I only found the one empty beach-worn shell of this Common Baler (Melo amphora Lightfoot) on the beach at Cairns. It is also known as the Giant Baler or Melon Shell. It has spines around the whorls at the anterior end. The pattern on the shell is now indistinct but a fresh shell would have characteristic variable orange-brown zig-zag marks. This species is apparently fairly common in the Indian Ocean, on the Queensland Coast of Western Australia, and off shore New Guinea. The largest recorded size is just under 500 mm in length but this one was only 145 mm. It is quite a heavy shell, and in life it has a thin brown periostracum layer which wears off eventually. The huge curved aperture or mouth of the shell can be used to bale out boats – but has broken on this shell.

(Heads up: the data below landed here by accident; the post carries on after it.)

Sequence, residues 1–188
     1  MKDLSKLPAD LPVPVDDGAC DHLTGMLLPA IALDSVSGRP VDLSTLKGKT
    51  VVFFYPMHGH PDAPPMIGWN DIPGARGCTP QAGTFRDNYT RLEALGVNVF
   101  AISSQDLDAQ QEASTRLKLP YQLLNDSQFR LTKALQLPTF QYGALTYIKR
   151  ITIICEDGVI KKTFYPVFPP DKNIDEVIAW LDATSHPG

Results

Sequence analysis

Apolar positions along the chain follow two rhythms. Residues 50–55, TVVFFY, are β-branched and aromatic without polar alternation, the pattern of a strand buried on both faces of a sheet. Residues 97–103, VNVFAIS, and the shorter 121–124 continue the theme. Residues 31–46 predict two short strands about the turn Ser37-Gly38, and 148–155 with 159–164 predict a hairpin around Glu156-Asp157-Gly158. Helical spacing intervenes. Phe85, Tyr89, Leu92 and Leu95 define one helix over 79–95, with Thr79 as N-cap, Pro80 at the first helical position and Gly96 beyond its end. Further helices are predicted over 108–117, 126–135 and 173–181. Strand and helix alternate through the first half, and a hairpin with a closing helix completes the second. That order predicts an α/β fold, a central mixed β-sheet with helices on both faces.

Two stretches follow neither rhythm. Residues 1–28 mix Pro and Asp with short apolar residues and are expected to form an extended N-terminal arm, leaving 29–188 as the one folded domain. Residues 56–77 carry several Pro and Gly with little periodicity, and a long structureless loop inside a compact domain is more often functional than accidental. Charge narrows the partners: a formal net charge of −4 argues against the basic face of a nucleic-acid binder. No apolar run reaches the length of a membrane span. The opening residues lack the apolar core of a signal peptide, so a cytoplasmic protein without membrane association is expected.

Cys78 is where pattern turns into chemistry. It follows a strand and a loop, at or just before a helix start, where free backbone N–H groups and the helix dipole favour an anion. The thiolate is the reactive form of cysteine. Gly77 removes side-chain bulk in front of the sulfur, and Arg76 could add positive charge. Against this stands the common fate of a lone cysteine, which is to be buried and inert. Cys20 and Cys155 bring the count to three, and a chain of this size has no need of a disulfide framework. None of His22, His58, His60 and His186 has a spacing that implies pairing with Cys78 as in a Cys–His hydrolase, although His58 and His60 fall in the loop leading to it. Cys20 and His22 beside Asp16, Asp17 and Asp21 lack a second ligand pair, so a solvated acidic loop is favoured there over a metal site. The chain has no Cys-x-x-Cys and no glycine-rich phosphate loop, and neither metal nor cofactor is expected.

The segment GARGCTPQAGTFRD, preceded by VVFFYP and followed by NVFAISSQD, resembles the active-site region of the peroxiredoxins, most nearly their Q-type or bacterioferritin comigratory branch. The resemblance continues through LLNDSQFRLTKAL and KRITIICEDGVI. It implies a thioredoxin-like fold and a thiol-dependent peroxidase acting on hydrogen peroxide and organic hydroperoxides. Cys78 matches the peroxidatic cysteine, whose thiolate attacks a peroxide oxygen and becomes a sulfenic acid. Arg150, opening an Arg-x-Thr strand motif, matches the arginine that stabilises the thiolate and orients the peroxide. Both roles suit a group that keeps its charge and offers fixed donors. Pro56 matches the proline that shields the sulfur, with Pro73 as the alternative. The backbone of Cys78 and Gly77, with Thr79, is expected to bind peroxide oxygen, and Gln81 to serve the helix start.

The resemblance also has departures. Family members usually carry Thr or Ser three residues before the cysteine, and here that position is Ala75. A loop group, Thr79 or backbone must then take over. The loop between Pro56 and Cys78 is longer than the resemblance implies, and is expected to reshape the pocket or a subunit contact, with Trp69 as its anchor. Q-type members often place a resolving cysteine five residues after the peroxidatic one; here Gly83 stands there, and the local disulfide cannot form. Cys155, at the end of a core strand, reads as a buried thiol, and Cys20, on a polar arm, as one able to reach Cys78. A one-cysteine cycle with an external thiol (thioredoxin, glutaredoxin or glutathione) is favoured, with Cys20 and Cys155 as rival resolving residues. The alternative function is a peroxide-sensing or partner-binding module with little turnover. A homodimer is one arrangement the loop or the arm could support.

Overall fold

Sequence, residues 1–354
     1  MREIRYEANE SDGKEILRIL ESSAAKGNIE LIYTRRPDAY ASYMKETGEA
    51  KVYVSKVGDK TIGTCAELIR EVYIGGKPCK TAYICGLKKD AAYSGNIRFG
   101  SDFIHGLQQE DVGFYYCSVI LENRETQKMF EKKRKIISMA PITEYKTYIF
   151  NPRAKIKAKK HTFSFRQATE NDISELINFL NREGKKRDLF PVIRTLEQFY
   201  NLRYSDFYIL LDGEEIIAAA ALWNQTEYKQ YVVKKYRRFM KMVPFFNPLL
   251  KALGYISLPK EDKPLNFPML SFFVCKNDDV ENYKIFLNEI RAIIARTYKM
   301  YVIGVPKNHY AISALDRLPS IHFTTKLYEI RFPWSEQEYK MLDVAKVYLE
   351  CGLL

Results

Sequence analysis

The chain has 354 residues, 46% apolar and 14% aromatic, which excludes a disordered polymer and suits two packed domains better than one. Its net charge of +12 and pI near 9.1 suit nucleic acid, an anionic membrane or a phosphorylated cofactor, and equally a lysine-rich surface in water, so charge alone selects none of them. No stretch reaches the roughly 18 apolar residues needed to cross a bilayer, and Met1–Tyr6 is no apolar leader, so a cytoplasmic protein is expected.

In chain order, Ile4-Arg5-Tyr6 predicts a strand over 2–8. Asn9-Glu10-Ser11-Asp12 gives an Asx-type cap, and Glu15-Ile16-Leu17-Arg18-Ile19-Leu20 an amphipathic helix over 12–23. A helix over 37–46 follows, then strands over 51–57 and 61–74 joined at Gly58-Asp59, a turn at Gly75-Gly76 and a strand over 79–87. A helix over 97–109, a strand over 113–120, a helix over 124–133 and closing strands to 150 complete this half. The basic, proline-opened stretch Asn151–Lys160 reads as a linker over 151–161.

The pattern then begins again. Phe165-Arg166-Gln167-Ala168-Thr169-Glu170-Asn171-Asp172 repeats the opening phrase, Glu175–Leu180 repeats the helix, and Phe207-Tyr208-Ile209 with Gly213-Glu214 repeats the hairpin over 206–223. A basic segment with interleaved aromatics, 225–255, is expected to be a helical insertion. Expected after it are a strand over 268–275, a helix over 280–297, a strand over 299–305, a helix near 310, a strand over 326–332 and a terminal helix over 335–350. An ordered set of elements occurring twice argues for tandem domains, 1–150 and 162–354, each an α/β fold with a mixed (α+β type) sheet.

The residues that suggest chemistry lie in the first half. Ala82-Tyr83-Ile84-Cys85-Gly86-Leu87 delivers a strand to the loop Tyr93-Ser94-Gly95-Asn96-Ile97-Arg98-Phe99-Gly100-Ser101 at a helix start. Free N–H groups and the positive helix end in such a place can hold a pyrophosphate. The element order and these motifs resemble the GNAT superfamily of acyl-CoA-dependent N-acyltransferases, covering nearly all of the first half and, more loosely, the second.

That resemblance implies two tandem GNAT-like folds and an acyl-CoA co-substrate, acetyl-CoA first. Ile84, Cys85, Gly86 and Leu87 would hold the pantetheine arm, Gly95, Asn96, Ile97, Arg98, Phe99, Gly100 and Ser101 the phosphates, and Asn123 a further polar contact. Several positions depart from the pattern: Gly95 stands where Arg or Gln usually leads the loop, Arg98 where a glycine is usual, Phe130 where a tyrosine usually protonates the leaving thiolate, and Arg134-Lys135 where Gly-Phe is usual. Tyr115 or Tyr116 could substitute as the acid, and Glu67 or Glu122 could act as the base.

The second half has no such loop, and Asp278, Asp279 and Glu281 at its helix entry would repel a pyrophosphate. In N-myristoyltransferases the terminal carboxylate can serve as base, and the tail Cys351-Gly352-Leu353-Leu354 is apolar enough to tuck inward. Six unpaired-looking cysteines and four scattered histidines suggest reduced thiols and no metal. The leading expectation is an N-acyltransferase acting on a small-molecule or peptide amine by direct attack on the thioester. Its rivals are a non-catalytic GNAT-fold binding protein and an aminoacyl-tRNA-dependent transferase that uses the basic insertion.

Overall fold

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2 Replies to “Seashells at Cairns 2”
Very interesting, I have never seen one of these.
I hadn’t seen one before either. My difficulty is trying to identify this type of beach shell because the shells illustrated in books are all perfect and undamaged.